Carson woman gets probation in cocaine sales

Brittany Baxter-Stuchell

Brittany Baxter-Stuchell

A 20-year-old Carson City woman who lost her job as a preschool teacher for selling cocaine in an undercover sting was sentenced to 30 days in Douglas County Jail as part of her probation.

District Judge Michael Gibbons ordered Brittany Baxter-Stuchell to turn herself in on Monday. He delayed imposition of the sentence so Baxter-Stuchell could attend a funeral.

She pleaded guilty to sale of a controlled substance stemming from a Feb. 28, 2007, transaction in the parking lot at Target in north Douglas County.

According to court documents, the sheriff's Street Enforcement Team set up the purchase. Baxter-Stuchell allegedly took the cocaine from her purse and said she could provide marijuana, Ecstasy or hallucinogenic mushrooms.

She said Monday she no longer associates with her co-defendants, one of whom had been her boyfriend.

"These are not people or situations I surround myself with," she said.

"You may not think you're a drug dealer - you're not importing drugs from Colombia - but in pleading guilty to sale of a controlled substance, you're a drug dealer," Gibbons said.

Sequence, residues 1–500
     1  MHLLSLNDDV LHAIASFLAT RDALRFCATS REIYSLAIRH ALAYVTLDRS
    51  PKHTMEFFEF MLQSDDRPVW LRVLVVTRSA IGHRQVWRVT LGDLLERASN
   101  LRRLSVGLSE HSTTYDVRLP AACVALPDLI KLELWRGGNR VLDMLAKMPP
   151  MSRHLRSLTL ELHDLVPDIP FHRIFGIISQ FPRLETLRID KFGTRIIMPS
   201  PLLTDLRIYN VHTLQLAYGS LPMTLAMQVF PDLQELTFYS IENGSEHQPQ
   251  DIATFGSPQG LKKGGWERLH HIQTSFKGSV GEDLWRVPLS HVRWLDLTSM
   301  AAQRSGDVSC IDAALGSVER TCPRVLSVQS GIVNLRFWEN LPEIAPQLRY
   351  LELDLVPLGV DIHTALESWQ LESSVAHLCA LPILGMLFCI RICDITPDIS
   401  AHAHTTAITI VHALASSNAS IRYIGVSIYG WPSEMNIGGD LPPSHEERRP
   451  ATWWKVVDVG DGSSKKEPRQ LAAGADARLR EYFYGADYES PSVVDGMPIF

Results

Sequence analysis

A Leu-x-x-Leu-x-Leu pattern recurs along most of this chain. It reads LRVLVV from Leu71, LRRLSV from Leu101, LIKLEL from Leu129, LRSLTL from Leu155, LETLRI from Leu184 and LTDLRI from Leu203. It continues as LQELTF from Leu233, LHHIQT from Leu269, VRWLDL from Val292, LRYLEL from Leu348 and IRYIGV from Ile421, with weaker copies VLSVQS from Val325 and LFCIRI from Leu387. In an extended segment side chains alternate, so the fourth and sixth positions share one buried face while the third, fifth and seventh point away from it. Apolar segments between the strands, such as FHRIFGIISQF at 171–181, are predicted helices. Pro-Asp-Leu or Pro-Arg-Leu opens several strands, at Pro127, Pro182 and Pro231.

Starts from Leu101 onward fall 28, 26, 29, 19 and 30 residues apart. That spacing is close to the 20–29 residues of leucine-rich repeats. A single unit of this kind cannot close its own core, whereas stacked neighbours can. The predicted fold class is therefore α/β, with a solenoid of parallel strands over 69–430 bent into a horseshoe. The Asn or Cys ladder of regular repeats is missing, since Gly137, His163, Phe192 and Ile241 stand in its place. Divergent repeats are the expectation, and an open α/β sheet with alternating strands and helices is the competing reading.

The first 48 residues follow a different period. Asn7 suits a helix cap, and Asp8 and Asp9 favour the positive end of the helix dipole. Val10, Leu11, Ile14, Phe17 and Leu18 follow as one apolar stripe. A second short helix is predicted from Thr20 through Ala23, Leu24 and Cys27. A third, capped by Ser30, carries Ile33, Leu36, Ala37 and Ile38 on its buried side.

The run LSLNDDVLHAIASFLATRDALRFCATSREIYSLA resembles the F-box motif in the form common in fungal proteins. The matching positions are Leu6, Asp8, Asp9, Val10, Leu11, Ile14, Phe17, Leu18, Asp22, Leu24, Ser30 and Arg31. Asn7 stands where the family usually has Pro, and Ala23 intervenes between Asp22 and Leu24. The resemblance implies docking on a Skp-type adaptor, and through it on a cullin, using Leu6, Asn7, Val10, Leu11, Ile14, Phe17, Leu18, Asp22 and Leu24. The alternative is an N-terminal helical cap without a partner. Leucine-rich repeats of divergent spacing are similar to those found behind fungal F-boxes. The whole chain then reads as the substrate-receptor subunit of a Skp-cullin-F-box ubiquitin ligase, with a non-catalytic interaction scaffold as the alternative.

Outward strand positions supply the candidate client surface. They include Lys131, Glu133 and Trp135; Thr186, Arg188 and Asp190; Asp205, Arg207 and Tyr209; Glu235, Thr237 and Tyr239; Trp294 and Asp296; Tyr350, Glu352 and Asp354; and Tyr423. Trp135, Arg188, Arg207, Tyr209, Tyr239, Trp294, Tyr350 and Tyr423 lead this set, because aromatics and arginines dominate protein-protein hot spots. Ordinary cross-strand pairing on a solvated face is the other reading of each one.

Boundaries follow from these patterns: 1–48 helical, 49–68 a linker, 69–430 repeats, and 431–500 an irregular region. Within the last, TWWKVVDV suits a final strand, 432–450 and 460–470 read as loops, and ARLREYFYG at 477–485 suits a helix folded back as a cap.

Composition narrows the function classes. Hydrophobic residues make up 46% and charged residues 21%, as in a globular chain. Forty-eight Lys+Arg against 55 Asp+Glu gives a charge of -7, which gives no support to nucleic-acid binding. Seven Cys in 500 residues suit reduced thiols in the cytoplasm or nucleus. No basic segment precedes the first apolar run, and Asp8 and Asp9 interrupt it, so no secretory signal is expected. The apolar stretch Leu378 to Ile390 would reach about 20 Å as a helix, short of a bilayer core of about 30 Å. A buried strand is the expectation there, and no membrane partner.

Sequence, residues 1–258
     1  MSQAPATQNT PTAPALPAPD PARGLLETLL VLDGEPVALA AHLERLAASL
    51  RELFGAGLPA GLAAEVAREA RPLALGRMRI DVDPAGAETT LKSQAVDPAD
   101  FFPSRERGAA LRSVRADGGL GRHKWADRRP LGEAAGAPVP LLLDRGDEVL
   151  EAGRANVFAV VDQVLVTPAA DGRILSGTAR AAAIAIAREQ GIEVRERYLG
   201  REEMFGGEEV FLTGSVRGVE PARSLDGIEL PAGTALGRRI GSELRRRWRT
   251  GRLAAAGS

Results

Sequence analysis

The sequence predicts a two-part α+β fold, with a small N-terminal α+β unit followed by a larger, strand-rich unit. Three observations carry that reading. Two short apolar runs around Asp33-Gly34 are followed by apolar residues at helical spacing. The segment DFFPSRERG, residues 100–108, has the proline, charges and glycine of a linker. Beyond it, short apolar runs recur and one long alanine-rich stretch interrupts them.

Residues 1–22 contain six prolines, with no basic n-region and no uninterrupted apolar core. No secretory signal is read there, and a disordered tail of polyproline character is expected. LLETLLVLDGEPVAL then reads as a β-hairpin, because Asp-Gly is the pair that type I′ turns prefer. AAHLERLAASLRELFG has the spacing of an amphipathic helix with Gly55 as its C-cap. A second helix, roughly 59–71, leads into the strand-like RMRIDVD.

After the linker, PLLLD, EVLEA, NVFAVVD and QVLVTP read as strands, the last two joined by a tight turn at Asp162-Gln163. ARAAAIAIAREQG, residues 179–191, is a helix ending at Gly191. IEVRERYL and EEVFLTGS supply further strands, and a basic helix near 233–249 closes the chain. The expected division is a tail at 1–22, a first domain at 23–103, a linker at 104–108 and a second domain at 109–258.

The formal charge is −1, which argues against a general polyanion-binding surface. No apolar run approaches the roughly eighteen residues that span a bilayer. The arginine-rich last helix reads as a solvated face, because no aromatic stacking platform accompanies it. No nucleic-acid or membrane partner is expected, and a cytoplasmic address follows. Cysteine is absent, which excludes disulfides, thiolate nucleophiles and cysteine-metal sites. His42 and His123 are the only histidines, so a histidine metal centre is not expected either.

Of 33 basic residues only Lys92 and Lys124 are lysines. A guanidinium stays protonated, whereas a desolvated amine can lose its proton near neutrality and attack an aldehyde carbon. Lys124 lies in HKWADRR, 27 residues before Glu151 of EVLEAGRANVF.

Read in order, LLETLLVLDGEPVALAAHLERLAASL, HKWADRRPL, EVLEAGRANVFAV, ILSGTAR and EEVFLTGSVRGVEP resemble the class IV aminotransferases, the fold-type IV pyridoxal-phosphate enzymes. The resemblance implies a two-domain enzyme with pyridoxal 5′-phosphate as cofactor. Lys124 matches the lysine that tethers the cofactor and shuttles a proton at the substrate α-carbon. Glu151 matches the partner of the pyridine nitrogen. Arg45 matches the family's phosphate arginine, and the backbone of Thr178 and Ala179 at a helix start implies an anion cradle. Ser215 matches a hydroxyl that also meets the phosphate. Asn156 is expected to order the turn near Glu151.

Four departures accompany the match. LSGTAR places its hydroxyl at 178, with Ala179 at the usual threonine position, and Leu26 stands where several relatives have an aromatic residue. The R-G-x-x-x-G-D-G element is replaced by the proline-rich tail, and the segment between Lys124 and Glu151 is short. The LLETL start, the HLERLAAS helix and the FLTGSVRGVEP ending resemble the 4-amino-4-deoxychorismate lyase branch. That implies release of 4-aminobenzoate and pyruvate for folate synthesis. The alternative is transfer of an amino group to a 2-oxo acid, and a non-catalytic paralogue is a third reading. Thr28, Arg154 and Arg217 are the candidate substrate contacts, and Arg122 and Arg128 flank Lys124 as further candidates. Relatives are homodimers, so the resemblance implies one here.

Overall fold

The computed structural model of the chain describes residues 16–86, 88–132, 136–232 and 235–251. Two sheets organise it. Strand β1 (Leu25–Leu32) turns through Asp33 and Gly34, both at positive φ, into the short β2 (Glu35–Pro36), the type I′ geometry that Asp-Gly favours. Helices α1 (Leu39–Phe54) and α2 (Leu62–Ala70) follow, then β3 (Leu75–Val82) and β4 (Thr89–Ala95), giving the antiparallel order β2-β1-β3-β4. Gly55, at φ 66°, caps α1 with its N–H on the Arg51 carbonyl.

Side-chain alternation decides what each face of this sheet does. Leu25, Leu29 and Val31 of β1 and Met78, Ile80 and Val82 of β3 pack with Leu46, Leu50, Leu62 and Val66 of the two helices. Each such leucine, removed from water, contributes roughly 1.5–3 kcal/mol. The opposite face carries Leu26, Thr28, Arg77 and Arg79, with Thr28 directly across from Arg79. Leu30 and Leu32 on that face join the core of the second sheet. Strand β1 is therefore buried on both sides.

Her lawyer, Derrick Lopez, said Baxter-Stuchell realized the felony conviction put her dreams of becoming a teacher on hold for at least 15 years until her record may be sealed.

"She did have dreams of becoming a teacher," Lopez said. "She knows now that is gone for a very long time. That is a significant punishment."

She received probation because she cooperated with law enforcement in other drug investigations.

"I know I made a very big mistake," Baxter-Stuchell said. "I am not on drugs. I hurt my family very badly and I hurt my schooling. I am taking full responsibility."

Gibbons suspended a three-year sentence in Nevada State Prison and placed Stuchell on three years probation.

She must undergo substance abuse evaluation and treatment and may not use drugs or alcohol during probation.

He ordered her to pay $1,000 restitution at $150 per month. She must graduate from high school or earn her general educational development certification and pay $500 to reimburse the county for her court-appointed attorney.

She faced six years in prison and a $20,000 fine.


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